Sunday, 4 November 2012

Values and valuables

A long time ago, when I was just a boy, I remember reading a book called The Diddakoi, about a young gypsy girl who lived amongst a society that generally distrusted and reviled her fellow-gypsies as rough-living, dirty and dishonest, and to be avoided at all costs. And no doubt some of them were dishonest and thieving crooks to boot.

But from the whole book, there is just one passage that I remember. It was a conversation between two non-gypsies discussing their differences. To paraphrase (from memory):
"Sure, you might think they are dirty, but they would say the same about you."
          "And how might that be," she replied haughtily.
"Well then, they'd think you were dirty cos you use the same bucket for washing clothes as you do for preparing veges. They would never do that, they have different buckets for each task."  
It's a question of culture.

I'm reminded of the true story of the Victorian women who begged to have their babies on the street rather than give birth in the hospitals under the care of surgeons proudly wearing aprons stained with the blood of their previous patients.

It's a question of knowledge.

I was taking photos during a powhiri once when one of the speakers said something in Maori, and they all looked at me and laughed. I felt stink. In contrast, I love visiting Te Aranga Marae in Flaxmere, Hastings, where both Maori and English are allowed during the welcome and people of all races are made to feel at home.

It's a question of respect.

Language has always fascinated me, and the exceptions intrigue me. For instance, why isn't the 'au' in Paraparaumu pronounced 'oh' as in Taupo? I asked a woman that once, and thinking I was criticising her language, she got really offended and stormed out of the interview (much to the dismay of the reporter I was working with.)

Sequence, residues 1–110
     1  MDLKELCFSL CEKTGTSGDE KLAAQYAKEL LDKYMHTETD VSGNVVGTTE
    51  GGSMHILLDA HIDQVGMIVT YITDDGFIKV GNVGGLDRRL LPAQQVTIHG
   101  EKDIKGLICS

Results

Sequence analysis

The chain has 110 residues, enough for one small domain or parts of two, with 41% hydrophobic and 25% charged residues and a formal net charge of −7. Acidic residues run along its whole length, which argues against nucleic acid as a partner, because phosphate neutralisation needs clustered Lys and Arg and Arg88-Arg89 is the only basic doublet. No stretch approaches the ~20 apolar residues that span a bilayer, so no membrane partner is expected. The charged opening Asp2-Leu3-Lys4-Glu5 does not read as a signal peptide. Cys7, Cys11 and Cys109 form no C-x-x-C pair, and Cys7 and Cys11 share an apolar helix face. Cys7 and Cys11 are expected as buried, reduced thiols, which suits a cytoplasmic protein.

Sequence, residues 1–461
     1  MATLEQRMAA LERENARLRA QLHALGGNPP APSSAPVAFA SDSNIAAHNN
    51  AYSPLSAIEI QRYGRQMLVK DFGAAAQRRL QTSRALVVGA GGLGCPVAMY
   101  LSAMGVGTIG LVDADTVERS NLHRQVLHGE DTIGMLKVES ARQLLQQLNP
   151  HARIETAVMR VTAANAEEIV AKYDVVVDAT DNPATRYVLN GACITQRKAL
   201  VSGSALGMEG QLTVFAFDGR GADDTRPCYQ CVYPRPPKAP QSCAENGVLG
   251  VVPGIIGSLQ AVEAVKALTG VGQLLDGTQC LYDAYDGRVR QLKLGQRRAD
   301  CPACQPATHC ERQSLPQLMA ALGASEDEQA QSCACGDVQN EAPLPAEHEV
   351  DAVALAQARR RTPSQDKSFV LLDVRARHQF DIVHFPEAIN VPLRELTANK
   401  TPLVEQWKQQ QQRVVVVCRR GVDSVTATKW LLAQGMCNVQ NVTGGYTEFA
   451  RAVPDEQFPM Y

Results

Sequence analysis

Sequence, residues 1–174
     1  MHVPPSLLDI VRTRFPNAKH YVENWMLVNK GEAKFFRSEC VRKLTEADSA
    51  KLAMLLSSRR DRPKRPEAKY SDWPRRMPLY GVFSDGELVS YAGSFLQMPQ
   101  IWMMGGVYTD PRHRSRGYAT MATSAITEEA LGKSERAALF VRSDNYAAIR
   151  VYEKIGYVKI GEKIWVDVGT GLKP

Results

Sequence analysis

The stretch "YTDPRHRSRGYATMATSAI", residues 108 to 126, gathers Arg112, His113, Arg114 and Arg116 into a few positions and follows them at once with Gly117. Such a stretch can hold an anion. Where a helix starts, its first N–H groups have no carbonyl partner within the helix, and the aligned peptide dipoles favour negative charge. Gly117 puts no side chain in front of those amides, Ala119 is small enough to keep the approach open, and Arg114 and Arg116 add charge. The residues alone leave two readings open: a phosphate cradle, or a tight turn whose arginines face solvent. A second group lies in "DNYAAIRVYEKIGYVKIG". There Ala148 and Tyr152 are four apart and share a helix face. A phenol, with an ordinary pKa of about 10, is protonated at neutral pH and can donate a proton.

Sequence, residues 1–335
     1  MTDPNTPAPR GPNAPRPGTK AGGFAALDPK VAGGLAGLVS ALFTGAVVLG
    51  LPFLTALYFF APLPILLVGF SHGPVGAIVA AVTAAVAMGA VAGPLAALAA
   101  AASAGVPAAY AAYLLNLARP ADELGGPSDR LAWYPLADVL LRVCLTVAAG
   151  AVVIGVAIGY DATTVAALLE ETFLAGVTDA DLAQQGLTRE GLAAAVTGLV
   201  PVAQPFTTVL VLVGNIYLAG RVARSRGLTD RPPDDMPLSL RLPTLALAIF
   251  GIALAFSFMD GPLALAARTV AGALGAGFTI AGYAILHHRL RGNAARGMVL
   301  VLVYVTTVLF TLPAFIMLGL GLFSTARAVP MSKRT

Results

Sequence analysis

Not to be put off, some time later I asked the question again and had it explained to me that the original translators had made a mistake. The city just north of Wellington should be called Parapara Umu - two words - i.e. the 'au' should not be read as one sound. Curiosity satisfied, and I just learnt a bit more about the history of my country. Win-win.

It's a question of tolerance of ignorance and security in ones own identity.

I've got to confess, I don't understand Halloween. Just what is the point of dressing up as characters from The Dark Side and playing Trick or Treat i.e. "Give me something I want or you'll regret it." The cynic in me would say it's just another retailer ruse to sell more stuff at a traditionally quiet time of the retail year.

And yes I know it's just a game, and sure the kids have fun, but do we really want to reinforce the notion that it's okay to beg for stuff without doing anything for it? Maybe my American friends can help me out...

It's a question of understanding.

Just five days later, New Zealand celebrates Guy Fawke's Day, as we have ever since I was a child, with fireworks, bonfires and guy competitions. It's a celebration of the 407 years since a plot to overthrow the King was thwarted. It's rather sad that such a colourful part of our British Heritage is slowly dying because of the minority who light fires irresponsibly and terrorise pets.

It's a question of historical significance.

And then we have the public holidays of Christmas and Easter. I remember being less-than-happy about having to work on a Good Friday, and one of my colleagues wondering what the issue was (after all, I got a day off later in the week didn't I?) until I explained a holiday was originally known as a HolyDay. He hadn't thought of it like that before...

It's a question of the truth behind the tradition.

Just recently a group of my friends were at a pot-luck lunch where, as per our normal custom, the women filled their plates first. The Indian women however would not go to the table until their menfolk had served themselves.

Similarly, some folks think it bad manners to look you in the eye, while others would consider it a bit dodgy were you to look away.

It's a question of custom and etiquette.

I consider myself truly blessed that I have a whole range of nationalities amongst my friends: English, Indian, Australian, Singaporean, Maori, South African, Cook Island, American, Zimbabwean, Canadian, Chinese, Kiwi and probably a good few more.

Invariably, our differences come down to our culture, our history and our beliefs. But we do have a few things in common: We are each unique, we are each extremely valuable and though we can't really know what's going on in each other's mind, and we don't always understand the way they react to various situations, we do at least try.

It's a question of values.

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